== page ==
You can't win 'em all, but softball Bears come close
Under the leadership of Coach Diane Ninemire, Cal has become a perennial powerhouse in intercollegiate softball
| 12 April 2005
|For news updates on Cal softball and schedules for 2005, see calbears.com and select “Women’s teams” from the menu bar at the top.|
"Growing up in a college town, you're a fan of the school and the teams," says Friedman. The Golden Bears softball squad "was my team, since I was 8 or 10 years old. I'd walk down Panoramic and watch the games and the practices."
(Peg Skorpinski photo)
Last fall, after two years as one of the Badgers' top players, Friedman transferred to Cal and returned to Levine-Fricke Field - this time covering second base for the team she once peered at through the fence, cheered from the stands, and even served, on occasion, as bat girl. To add to the irony and excitement of it all, she's back under the guidance of Diane Ninemire - the Cal coach who taught her the game, from the ground up, in softball summer camps.
"She definitely pushes us hard," she says of Ninemire. "She cares about us as a team, and as individuals, a lot. Even at practices, she expects us to be the best."
(Peg Skorpinski photo)
Now regarded as one of the perennial powerhouse teams, the Bears have made it to the Women's College World Series for the last six years - coming in second in 2003 and 2004 and taking the NCAA title in 2002. Six of Cal's current seniors were freshmen on that WCWS title team. This spring, on the verge of graduation, they're hungry for another trophy. So are the newer players.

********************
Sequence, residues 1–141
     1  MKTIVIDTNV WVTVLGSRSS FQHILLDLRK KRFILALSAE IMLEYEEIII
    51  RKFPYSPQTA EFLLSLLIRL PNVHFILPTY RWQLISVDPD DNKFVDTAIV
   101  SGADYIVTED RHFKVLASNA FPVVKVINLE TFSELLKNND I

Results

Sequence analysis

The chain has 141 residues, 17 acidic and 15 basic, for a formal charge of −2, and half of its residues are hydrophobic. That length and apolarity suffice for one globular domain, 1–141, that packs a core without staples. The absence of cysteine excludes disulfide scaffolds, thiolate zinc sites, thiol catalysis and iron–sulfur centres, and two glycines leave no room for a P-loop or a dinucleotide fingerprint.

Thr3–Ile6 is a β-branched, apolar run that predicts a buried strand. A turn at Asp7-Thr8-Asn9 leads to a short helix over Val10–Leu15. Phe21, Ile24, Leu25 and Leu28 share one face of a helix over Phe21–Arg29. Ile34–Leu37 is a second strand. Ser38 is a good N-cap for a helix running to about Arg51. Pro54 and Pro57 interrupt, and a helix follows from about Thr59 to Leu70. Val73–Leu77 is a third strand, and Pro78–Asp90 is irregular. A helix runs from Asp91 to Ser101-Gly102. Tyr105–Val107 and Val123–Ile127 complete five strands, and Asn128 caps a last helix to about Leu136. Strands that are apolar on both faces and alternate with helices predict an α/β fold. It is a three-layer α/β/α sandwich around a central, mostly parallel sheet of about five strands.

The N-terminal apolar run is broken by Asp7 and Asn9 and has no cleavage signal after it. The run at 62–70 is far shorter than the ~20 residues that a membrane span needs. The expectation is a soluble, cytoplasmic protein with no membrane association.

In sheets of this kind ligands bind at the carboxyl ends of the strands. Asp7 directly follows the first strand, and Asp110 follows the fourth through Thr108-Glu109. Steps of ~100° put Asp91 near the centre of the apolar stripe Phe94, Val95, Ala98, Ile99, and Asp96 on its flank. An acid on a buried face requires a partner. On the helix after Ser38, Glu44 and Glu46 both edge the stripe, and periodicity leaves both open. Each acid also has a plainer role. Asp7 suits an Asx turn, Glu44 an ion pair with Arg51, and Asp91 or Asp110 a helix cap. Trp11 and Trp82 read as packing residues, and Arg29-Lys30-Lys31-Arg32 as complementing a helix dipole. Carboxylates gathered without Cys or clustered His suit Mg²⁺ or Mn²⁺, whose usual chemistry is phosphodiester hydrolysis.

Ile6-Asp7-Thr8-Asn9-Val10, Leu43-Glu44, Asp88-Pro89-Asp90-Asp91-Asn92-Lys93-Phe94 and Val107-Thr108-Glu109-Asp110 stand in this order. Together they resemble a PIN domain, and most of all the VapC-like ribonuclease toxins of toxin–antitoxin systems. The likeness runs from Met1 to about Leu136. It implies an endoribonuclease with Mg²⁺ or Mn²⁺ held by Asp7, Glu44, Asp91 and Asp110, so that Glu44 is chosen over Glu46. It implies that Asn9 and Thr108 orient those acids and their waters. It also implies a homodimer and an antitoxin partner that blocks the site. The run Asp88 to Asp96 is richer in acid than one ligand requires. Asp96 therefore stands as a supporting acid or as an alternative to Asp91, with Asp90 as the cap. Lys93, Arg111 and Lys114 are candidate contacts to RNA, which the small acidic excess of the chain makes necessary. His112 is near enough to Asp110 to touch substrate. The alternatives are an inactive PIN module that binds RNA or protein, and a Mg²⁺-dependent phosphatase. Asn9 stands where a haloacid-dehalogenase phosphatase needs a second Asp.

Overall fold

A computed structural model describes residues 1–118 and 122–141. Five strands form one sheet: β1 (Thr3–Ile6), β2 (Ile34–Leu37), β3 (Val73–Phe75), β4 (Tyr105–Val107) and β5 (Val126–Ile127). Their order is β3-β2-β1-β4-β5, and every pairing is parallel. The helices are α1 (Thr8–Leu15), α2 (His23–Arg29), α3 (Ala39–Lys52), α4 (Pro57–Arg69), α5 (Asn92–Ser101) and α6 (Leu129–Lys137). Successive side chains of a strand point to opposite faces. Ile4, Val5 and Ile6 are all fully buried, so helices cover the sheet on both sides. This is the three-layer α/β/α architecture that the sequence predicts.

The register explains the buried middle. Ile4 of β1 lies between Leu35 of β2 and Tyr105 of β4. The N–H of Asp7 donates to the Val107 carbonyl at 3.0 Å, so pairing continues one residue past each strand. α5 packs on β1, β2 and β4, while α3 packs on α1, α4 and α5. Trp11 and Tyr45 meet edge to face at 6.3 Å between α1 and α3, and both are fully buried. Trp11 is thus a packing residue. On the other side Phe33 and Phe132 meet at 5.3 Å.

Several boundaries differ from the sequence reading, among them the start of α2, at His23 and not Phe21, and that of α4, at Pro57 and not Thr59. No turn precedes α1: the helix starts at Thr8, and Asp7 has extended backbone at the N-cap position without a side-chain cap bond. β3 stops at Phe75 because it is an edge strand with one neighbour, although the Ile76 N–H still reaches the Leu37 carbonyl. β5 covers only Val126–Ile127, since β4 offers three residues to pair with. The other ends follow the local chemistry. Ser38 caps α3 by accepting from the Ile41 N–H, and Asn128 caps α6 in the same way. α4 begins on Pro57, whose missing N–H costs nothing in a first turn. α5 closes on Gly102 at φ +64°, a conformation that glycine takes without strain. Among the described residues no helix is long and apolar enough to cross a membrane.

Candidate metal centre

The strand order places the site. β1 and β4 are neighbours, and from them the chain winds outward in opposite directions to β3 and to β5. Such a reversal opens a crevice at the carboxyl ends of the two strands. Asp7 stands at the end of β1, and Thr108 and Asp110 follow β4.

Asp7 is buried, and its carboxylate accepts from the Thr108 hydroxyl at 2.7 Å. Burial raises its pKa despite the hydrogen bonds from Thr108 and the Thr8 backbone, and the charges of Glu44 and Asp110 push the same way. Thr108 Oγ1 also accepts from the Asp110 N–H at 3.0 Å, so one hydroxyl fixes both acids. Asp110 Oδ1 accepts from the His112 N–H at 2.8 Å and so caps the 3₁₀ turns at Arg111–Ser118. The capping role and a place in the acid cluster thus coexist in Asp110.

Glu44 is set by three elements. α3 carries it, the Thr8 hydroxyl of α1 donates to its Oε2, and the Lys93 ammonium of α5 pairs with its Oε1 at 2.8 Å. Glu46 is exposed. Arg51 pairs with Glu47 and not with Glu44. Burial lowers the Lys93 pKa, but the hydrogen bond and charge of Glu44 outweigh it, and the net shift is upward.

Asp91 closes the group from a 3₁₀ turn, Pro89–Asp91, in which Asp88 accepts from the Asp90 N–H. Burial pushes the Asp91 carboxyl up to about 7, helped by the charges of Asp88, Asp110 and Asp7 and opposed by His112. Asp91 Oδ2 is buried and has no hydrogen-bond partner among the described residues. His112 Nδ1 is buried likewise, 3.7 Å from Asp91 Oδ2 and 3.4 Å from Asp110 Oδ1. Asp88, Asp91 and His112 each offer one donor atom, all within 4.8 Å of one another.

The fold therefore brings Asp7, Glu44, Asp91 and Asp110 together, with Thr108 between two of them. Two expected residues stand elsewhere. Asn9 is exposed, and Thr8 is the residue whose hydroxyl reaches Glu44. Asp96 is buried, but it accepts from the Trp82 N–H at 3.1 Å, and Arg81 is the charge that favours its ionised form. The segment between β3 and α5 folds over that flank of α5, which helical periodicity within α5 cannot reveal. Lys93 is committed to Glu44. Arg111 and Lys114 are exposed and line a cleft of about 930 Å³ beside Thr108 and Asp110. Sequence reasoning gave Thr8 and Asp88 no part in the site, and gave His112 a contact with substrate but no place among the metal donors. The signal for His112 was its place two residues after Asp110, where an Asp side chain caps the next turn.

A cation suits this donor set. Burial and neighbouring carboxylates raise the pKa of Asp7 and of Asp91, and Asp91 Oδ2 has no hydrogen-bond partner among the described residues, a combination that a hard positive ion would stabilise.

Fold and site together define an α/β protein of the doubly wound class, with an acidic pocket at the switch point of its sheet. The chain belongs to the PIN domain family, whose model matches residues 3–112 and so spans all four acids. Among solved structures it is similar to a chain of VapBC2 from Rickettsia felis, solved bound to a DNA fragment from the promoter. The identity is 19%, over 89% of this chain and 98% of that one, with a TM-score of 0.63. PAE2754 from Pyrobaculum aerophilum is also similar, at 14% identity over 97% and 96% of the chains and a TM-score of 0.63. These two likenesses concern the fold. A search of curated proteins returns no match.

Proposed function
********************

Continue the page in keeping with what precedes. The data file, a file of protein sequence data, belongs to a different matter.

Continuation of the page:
"We have a whole infield full of seniors," says Friedman. "We have every single element of the game necessary to win: defense, pitching, offense, and speed."
So far, the season has brought a series of rainouts for No. 3 California, which enjoys a 35-5 record as of April 10. Ninemire, of course, is gunning for a second national title, though she's philosophical about taking it "one game at a time."
However the season pans out, she takes great pride in the fact that Cal can offer players like Friedman the "best of both worlds" - a great education and a great softball program. "Life doesn't get much better than that," she says.
Tickets to Cal softball home games at Levine-Fricke Field (east of Memorial Stadium, off Stadium Rimway Road) are sold at the gate, starting one hour prior to the opening pitch. Admission for regular-season weekend games is $8 for adults, free for seniors and youth 17 and under.